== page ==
THERE is little question in the mind of the man who limits his practice to otology of the advisability of facial nerve decompression in properly selected cases of Bell's palsy. This conviction does not seem to be shared by most neurologists and many general physicians and, in fact, is not shared by some otolaryngologists.
One of the problems involved is the matter of proving that facial nerve decompression can expedite recovery or promote a more complete return of facial function than would occur otherwise. This value of decompression can be shown experimentally,1,2 but clear-cut clinical proof is often lacking. Decompression invariably is performed on the worst cases. Often the patient is not seen by the otologist until two or three months following onset of paralysis, at a time when irreversible changes have occurred.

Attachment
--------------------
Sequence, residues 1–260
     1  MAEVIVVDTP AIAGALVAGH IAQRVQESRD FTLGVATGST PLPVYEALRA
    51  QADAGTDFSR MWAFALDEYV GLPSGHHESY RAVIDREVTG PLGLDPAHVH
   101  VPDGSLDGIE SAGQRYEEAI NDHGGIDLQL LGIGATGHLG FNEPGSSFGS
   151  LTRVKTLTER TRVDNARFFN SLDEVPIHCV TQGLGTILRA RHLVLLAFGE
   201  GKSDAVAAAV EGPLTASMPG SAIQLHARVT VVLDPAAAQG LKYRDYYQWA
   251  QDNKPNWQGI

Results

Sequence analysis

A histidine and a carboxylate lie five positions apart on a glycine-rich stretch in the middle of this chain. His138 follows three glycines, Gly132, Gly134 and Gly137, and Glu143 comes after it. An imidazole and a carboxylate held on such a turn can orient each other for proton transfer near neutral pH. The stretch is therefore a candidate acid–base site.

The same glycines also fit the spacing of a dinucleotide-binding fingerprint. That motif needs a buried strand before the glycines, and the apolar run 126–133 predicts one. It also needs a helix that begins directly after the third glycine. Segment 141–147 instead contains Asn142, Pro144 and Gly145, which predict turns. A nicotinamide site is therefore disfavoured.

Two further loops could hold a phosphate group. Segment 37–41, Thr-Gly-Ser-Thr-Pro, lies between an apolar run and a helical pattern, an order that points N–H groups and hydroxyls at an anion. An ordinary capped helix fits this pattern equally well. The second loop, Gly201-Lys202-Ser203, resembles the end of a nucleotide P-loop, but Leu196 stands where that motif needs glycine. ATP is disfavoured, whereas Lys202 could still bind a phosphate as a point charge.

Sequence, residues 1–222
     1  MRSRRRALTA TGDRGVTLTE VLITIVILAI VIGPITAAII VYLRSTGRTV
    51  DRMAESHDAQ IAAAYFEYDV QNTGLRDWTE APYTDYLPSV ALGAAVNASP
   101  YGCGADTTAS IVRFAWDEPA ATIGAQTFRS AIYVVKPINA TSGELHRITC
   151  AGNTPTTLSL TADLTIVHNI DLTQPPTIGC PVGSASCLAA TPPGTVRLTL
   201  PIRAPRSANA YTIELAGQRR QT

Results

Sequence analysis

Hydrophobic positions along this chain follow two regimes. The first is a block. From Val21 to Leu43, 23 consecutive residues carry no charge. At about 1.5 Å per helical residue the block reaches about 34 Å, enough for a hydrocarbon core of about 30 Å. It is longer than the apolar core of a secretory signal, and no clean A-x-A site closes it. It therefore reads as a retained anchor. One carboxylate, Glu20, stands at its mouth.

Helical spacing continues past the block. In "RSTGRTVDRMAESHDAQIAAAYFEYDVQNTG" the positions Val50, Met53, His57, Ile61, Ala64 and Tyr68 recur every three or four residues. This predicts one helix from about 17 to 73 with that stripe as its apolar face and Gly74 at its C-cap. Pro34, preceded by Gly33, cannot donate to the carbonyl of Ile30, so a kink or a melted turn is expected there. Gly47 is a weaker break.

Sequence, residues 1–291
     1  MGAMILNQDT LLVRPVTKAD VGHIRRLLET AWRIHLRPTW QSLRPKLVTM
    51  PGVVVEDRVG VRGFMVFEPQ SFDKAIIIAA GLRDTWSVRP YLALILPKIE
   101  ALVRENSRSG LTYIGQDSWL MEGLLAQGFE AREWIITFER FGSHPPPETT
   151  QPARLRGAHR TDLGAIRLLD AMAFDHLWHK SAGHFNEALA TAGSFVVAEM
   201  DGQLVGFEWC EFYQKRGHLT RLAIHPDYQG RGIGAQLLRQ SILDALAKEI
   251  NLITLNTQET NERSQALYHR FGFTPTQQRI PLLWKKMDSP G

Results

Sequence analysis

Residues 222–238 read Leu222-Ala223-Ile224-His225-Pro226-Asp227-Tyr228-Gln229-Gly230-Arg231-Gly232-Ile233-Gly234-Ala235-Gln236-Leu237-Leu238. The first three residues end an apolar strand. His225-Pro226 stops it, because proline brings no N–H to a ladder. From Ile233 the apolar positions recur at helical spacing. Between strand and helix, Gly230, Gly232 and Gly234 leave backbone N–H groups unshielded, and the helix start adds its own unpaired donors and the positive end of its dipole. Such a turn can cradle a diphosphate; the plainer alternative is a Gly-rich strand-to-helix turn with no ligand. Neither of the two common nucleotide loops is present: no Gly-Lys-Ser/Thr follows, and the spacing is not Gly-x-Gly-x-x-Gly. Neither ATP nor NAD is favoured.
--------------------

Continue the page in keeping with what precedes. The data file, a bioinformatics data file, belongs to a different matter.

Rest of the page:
The purpose of this brief report is to detail two recently operated cases in which
Sheehy JL. Facial Nerve Decompression: Two Interesting Cases. Arch Otolaryngol. 1968;87(3):241–242. doi:10.1001/archotol.1968.00760060243004
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